Coffee culture is popular among Ames and Iowa State students. Coffee Club is a student organization for those who wish to try and learn about coffee. 

Coffee culture is embedded in the Ames and Iowa State community, as there is a local shop within a mile of every corner. For a group of students, talking about the drink and comparing different roasts has become an essential part of their campus learning experience. 

The Coffee Club is a student organization that started three years ago as a way to bring coffee culture to Iowa State. Kayla Kielkucki, a senior in event management and advertising and the president for Coffee Club, said she was part of the original group who created the club. 

“I started the club three years ago with my really good friends — there were about 10 of us and we all really just loved coffee; we really wanted to get a club started and try to organize something together and we started Coffee Club,” Kielkucki said. 

Kielkucki was a barista — a person who prepares and makes espresso based coffees — for three years in her hometown.

The meetings can consist of a combination of informational meetings and trying various coffees. For example, Kielkucki said there was a meeting about the different ways to roast coffee beans — a method of preparing coffee beans to be ground and brewed to be made into a drink. The club also tries various types of coffee, such as the most caffeinated roast.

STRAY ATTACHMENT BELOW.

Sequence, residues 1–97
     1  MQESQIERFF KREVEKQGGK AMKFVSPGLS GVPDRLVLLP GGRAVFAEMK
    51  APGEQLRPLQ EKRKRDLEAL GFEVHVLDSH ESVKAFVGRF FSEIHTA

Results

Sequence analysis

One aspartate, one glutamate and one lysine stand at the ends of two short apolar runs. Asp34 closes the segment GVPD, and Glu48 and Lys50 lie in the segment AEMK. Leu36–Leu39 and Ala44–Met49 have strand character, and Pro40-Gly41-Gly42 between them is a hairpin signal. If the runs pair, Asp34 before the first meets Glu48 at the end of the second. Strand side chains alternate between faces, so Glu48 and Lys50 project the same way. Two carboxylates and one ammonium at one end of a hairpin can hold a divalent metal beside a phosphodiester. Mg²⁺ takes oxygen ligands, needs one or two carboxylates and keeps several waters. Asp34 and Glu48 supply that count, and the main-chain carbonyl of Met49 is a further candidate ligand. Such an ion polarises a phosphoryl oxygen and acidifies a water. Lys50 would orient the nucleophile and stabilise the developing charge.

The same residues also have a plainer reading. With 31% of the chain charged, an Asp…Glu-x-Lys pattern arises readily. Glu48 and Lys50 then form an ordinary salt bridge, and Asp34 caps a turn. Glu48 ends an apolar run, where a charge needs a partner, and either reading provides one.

“We drank the most caffeinated coffee at one of our meetings last year; that was one thing I would probably not have done unless I was trying with a group of people, and I wouldn’t have tried it on my own,” Kielkucki said. “It was actually good — I mean it tasted pretty average honestly. It was called ‘Death Wish Coffee,’ so it sounded and just looked really aggressive, but I feel like it was basically just an average cup of coffee.” 


ISU Dining held an open house on Jan. 10 to show the new features to the Hub, including the Roasterie coffee café and Heaping Plato, which serves Mediterranean food. Attendees saw the newly renovated space and were able to sample menu items.

There are about 20 to 30 students who regularly attend Coffee Club’s meetings. 

“A lot of people are [coffee lovers or baristas] but also a lot of people come to the club to hang out and go for the social aspect, which is what we want. We want it to be a networking opportunity for kids; you don’t have to like coffee if you just want to learn about it — that’s okay too,” Kielkucki said.

The club works with local organizations such as Cafe El Zapote, a partnership between St. Thomas Aquinas and coffee planters in El Zapote, located in the Copán region of Honduras.

The club brings in local coffee businesses, such as Cabin Coffee Co., to teach the club members about creating a coffee shop. 

Coffee Club has meetings every other Monday.

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